And not like Charlie Sheen. Julian Lindley-Freeh defends Cameron's veto:
Today Britain has preserved the strategic room of manouevre worthy of one Europe's Big Three and which Germany and France last week tried to deny it. When Berlin emerges from its funk it will realise it has to deal with Britain. The French are unlikely to make that connection whilst lost in pre-election 'faux' anti-Britishness. Indeed, a more sober Berlin will realise that a deal with Britain is much more likely to promote the kind of economic reforms and disciplines Germany knows full well Europe needs to compete in this world.
Aaron Ellis nods:
We are the third largest economy in Europe, as well as the fifth or sixth largest in the world. Hamish McRae of The Independent explains here why Europe needs us as much as we need them in terms of trade. The United Kingdom is also a key member of NATO and the only European country that the French could plausibly cooperate with on defence. The realities of power politics dictate that Great Britain can’t be isolated from Europe: we are too big, too rich, and too powerful for them to exclude us.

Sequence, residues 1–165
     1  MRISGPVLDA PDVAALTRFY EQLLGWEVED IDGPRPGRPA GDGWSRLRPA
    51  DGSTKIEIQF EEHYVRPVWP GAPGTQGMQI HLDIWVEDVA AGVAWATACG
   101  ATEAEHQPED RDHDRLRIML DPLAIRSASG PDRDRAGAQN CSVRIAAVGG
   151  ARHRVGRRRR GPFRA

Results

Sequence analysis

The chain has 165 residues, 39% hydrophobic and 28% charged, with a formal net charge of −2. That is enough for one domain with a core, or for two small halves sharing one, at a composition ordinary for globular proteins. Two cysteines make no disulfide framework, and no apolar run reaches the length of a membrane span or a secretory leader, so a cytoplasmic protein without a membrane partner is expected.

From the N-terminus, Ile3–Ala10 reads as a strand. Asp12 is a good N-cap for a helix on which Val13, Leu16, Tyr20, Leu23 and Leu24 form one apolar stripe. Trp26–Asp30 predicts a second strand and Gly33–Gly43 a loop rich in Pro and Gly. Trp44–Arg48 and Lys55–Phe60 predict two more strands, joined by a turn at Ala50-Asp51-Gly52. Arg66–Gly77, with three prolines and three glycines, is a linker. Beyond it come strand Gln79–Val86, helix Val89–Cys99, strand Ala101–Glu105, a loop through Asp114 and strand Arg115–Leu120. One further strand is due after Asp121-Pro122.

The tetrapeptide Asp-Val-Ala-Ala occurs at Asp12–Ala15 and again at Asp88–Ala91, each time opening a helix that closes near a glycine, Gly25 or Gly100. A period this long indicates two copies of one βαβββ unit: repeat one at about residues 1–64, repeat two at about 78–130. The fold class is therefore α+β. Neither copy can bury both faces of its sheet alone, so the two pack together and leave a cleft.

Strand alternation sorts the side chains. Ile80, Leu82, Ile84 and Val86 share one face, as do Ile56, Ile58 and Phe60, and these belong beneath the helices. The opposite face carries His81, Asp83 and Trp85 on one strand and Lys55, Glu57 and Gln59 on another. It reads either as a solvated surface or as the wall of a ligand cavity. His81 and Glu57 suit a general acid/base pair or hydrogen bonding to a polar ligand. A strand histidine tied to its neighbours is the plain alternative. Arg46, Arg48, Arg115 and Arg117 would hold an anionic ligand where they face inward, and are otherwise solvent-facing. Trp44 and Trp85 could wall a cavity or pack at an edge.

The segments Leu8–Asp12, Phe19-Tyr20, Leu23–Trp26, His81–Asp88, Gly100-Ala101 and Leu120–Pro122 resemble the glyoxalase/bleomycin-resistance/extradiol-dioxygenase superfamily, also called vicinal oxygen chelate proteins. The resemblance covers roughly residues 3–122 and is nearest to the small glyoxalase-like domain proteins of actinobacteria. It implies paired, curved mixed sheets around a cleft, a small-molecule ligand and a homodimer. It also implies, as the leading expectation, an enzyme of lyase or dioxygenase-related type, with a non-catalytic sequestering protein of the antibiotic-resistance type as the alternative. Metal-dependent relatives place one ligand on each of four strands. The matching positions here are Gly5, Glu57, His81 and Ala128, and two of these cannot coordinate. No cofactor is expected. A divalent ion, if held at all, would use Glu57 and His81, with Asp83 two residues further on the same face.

Something to cheer up my British readers, as the press is bashing Britain for not blindly signing on to the failed Eurozone policies being promoted on the continent. Britain was bashed even more viciously in 1931, when they opted out of the failed international gold standard regime. History has vindicated that “obstructionism” and it will vindicate this obstructionism as well.
(Photo: German Chancellor Angela Merkel, French President Nicolas Sarkozy, U.S. President Barack Obama and British Prime Minister David Cameron talk before the first working session at the Group of 20 [G20] Cannes Summit at the Palais des Festivals on November 3, 2011 in Cannes, France. By Chris Ratcliffe-Pool/Getty Images)